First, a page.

Wednesday Newsletter time: Willie Calhoun might be facing most important stretch since joining Texas Rangers
He is expected to come off the injured list today so that the Rangers can evaluate him ahead of a busy offseason.
Willie Calhoun needs to play.
The outfielder/designated hitter was injured again this season, this time with a broken arm in late June, and in a season in which the Texas Rangers needed to see if he is part of their future, they ended up with more questions about him.
For all the good Calhoun has done since the end of the 2018 season, including a stronger commitment to fitness, he has been undone by lousy injury luck that, through not fault of his own, has put him in a precarious situation.
He is eligible for salary-arbitration for the first time. He’s not going to get a massive haul, but he will get a raise over the $593,000 league minimum he’s receiving this season.
The Rangers, meanwhile, need 40-man roster spots so that they can bring players off the 60-day injured list and add minor-league players who they don’t want to lose in the Rule 5 draft.
If the front office is looking for players who might need to be moved off the roster, Calhoun might be a candidate to be non-tendered.
The Rangers have only 18 games remaining, but they might be important games for Calhoun’s future with the team.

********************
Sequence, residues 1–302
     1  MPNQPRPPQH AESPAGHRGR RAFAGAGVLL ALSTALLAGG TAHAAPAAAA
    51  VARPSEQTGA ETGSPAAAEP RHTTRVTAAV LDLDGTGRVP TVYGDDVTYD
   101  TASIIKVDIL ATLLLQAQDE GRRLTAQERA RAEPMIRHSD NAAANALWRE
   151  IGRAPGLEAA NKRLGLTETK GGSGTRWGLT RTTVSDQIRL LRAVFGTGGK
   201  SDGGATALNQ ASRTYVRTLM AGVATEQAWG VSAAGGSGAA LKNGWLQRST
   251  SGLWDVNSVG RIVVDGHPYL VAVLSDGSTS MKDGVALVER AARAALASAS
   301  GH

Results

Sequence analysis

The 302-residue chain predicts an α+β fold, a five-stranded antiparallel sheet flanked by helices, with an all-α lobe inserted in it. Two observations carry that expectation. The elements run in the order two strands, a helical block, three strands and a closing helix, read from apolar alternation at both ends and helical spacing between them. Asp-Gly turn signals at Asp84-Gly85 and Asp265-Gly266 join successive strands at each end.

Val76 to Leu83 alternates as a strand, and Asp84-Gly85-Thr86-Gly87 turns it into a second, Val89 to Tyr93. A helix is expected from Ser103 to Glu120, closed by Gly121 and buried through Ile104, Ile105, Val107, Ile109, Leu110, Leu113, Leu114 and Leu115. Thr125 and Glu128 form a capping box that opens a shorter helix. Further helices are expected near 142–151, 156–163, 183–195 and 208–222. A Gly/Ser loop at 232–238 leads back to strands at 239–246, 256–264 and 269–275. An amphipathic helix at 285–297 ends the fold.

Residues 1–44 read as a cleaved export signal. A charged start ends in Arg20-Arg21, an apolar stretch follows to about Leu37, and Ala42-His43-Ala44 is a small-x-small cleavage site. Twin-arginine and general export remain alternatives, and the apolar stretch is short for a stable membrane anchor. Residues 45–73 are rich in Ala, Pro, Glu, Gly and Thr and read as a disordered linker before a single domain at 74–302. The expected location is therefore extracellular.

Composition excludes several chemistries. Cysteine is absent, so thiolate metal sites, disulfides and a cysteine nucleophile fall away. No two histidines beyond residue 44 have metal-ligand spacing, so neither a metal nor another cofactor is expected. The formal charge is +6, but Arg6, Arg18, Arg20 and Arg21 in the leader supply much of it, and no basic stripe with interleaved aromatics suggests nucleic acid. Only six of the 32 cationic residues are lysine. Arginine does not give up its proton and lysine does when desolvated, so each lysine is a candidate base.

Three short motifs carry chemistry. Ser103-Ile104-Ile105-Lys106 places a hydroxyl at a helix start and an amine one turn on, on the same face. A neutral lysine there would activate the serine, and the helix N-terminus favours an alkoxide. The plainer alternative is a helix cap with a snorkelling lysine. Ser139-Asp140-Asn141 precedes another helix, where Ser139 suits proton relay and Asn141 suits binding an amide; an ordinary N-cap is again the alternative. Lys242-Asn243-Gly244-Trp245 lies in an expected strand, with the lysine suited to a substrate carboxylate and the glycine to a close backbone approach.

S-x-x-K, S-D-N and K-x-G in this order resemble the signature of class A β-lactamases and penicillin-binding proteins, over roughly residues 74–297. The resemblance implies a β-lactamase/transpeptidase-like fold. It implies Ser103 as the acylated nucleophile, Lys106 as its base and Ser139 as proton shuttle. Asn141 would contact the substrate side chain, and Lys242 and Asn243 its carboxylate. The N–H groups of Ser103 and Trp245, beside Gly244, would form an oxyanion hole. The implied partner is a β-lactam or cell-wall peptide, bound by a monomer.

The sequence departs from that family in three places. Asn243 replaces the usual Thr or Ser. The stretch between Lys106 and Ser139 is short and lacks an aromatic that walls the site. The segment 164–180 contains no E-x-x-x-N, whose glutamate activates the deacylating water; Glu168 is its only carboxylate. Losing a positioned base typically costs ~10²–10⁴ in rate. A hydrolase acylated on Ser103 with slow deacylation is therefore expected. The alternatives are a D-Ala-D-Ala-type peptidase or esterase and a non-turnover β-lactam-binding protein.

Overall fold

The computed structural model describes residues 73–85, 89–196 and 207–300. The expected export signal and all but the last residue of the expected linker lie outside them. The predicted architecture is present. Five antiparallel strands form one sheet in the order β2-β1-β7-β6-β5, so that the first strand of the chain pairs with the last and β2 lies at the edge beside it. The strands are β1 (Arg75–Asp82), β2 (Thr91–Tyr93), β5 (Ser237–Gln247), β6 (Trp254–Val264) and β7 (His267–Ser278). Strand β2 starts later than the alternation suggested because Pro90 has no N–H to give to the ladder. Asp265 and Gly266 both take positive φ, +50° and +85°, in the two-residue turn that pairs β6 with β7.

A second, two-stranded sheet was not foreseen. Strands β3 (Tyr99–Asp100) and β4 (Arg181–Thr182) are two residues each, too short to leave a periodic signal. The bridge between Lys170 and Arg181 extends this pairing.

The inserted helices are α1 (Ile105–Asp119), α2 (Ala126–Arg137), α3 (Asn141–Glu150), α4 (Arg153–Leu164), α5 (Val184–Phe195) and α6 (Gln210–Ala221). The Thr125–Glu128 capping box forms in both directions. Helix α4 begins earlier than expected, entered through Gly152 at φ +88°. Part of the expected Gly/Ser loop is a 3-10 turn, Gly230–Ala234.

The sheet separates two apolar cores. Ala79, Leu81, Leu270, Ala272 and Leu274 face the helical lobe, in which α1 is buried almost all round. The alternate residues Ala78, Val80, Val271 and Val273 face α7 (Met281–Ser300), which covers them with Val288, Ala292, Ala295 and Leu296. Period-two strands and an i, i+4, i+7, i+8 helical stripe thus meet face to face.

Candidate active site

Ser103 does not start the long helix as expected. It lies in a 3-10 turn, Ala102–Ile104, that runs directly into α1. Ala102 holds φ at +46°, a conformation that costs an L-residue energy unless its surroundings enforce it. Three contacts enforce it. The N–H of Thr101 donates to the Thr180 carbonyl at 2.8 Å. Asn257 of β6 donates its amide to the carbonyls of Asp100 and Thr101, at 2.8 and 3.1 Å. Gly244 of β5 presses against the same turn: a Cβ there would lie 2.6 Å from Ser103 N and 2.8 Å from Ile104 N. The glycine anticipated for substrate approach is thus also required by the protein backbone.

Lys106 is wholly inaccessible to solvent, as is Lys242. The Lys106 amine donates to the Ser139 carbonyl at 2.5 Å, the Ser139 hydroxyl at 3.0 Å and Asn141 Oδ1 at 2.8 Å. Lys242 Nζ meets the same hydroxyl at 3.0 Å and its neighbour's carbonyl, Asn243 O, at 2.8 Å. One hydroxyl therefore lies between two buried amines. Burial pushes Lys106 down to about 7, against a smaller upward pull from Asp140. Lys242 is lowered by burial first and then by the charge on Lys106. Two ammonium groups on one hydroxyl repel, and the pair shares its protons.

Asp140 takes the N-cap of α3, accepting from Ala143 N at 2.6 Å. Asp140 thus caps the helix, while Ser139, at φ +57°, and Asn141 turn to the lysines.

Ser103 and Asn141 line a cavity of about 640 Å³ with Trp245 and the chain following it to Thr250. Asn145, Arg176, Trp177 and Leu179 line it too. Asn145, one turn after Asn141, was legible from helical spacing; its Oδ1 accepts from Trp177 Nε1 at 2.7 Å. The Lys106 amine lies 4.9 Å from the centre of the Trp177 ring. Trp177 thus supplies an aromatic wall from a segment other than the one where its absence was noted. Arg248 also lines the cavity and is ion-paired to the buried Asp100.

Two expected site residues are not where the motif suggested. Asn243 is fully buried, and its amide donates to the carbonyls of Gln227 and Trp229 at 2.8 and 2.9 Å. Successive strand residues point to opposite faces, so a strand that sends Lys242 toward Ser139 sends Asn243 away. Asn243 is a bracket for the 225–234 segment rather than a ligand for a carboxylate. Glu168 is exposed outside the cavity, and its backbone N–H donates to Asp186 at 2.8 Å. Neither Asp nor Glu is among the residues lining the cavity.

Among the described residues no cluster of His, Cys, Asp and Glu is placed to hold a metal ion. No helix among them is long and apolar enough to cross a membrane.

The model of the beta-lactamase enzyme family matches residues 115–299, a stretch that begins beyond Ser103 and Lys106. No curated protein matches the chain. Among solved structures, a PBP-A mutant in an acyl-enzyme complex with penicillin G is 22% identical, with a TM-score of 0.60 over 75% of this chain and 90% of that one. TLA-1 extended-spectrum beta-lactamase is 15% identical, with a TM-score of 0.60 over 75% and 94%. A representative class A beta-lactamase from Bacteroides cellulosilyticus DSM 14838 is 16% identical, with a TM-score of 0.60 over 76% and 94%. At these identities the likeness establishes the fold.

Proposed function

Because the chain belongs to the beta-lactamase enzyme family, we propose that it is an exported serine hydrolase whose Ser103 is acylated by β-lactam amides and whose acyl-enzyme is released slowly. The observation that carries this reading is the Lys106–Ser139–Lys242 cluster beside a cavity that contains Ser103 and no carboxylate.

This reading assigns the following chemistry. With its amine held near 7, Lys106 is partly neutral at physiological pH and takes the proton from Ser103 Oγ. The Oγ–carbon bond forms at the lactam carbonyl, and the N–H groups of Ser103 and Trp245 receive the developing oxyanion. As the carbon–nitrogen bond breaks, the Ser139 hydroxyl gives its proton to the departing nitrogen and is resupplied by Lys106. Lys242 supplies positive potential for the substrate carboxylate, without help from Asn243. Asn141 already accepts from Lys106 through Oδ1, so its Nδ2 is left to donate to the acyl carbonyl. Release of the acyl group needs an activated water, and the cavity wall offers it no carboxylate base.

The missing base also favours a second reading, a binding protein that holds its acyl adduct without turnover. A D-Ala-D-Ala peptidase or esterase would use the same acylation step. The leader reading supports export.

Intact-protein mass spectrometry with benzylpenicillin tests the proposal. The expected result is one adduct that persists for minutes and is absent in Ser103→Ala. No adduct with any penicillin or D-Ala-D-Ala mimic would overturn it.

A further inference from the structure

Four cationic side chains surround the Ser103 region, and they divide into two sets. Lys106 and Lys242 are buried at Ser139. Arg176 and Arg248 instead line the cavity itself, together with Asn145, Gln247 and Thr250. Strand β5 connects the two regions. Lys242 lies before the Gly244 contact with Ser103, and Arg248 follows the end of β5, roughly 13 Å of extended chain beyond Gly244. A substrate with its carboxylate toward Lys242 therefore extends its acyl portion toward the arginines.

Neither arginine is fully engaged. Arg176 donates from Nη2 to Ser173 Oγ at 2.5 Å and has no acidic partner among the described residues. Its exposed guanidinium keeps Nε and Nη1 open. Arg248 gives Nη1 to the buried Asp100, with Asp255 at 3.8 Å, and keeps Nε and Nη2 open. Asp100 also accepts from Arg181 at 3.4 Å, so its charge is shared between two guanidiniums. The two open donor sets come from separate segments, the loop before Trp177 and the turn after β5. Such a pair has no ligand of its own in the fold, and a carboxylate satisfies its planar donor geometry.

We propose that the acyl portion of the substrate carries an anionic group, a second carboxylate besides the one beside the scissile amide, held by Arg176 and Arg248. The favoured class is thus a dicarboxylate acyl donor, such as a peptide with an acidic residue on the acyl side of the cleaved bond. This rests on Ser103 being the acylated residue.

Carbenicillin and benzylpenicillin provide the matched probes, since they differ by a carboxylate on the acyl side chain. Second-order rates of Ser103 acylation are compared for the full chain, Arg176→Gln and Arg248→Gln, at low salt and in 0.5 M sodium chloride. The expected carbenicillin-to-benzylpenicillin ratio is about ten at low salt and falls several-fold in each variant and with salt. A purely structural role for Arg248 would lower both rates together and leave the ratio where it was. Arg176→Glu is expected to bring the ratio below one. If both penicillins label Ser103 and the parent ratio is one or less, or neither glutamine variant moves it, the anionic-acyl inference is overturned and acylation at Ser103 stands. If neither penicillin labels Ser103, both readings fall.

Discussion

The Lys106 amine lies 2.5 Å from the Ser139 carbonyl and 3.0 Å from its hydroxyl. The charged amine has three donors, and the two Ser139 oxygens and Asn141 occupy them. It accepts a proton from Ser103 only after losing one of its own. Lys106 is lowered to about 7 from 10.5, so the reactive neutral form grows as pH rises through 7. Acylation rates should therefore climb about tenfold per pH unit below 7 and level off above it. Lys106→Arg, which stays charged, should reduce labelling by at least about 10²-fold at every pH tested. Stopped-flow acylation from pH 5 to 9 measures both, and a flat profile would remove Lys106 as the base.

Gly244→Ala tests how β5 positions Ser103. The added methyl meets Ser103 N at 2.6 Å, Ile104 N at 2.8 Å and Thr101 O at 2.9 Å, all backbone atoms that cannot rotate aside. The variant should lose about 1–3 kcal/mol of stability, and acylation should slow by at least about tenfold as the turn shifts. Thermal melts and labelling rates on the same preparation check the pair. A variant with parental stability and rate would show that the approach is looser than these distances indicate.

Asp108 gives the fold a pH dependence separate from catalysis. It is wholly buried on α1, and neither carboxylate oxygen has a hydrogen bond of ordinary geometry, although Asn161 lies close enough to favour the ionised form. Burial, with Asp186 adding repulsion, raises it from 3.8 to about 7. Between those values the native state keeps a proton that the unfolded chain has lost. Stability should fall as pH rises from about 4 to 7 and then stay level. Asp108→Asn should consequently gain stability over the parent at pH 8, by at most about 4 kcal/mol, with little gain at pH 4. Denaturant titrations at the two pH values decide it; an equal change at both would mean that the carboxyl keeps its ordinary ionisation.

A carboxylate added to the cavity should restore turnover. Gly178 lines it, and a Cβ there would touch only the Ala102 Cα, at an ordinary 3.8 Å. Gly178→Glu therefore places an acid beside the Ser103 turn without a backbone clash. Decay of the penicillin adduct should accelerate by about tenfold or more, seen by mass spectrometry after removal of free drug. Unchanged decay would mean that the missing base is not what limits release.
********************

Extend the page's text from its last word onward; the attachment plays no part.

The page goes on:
“If he kills for the last how every many games he plays, yeah, it could definitely change our opinions on things,” manager Chris Woodward said. “He hasn’t a lot of success. He hasn’t had a lot of opportunity, though.
“It’s hard to look at the small sample and the way the last two seasons have gone for him. It’s unfair to put that against him. We’ve seen what he can do in ‘19. We know that’s still in there. If he shows that for the last however many games, it could change things.”
Calhoun played only 29 games in 2020 and batted just .190 with one homer. He was drilled in the jaw by fastball in spring training and dealt with leg injuries during the shortened season. It was a mental grind.
He’s played in 59 games this season, batting .245 with five home runs in 205 at-bats. He hopes to play winter ball somewhere.
Calhoun did do much with the opportunity before he was injured, coming nowhere close to matching his breakthrough 2019 season of 21 homers in 309 at-bats.
That was only two seasons ago, but much has happened elsewhere on the club. The Rangers are rebuilding and still don’t know if he’s one of the building blocks.
“He hasn’t played enough for us to evaluate him, so we may have to make a really tough decision one way or the other,” Woodward said. “He hasn’t preformed the last two years, and hasn’t really played the last two years. We really have to go out on a limb to say he’s our guy.”
I am Iron Man
Well, Superman is what they call Adolis Garcia, who is built like a ton of bricks and is apparently just as tough.
Case in point: Garcia was drilled in the left wrist Monday night be a fastball, and he went down in pain. Woodward, along with a lot of people, thought the worst.
The back of the wrist is no place for a hitter to be plunked. The hamate bone is somewhere in there, along with a bunch of other bones that tend to break when impacted.